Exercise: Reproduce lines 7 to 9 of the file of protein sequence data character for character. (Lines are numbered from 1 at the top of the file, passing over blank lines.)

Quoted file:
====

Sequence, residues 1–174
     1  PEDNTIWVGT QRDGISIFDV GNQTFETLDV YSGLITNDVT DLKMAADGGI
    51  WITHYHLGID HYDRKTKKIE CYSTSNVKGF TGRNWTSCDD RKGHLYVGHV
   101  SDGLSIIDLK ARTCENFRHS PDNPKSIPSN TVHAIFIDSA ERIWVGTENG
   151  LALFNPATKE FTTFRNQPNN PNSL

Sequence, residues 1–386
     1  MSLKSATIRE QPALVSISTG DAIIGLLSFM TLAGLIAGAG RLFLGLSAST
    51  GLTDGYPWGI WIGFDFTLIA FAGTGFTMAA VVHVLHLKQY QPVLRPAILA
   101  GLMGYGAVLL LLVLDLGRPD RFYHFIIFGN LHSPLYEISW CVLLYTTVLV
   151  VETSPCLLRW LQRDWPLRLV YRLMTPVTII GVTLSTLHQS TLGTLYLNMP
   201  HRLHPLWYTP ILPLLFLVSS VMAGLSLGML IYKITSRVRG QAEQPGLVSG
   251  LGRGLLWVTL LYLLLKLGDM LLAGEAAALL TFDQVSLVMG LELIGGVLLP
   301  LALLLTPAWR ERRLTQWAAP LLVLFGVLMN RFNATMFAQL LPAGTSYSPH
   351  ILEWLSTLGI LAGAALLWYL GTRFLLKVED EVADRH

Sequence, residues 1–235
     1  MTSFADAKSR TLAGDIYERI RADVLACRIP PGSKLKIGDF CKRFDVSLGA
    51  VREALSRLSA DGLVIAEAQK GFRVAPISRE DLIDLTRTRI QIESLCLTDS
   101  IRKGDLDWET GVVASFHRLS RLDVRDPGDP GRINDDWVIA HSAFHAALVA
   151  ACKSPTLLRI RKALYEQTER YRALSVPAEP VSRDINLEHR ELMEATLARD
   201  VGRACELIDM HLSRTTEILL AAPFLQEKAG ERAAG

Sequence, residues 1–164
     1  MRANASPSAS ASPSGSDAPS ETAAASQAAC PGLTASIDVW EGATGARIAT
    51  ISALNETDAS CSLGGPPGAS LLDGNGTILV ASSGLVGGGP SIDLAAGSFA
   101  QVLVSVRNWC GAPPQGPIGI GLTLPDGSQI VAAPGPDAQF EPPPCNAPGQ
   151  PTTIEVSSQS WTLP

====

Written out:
     1  MSLKSATIRE QPALVSISTG DAIIGLLSFM TLAGLIAGAG RLFLGLSAST
    51  GLTDGYPWGI WIGFDFTLIA FAGTGFTMAA VVHVLHLKQY QPVLRPAILA
   101  GLMGYGAVLL LLVLDLGRPD RFYHFIIFGN LHSPLYEISW CVLLYTTVLV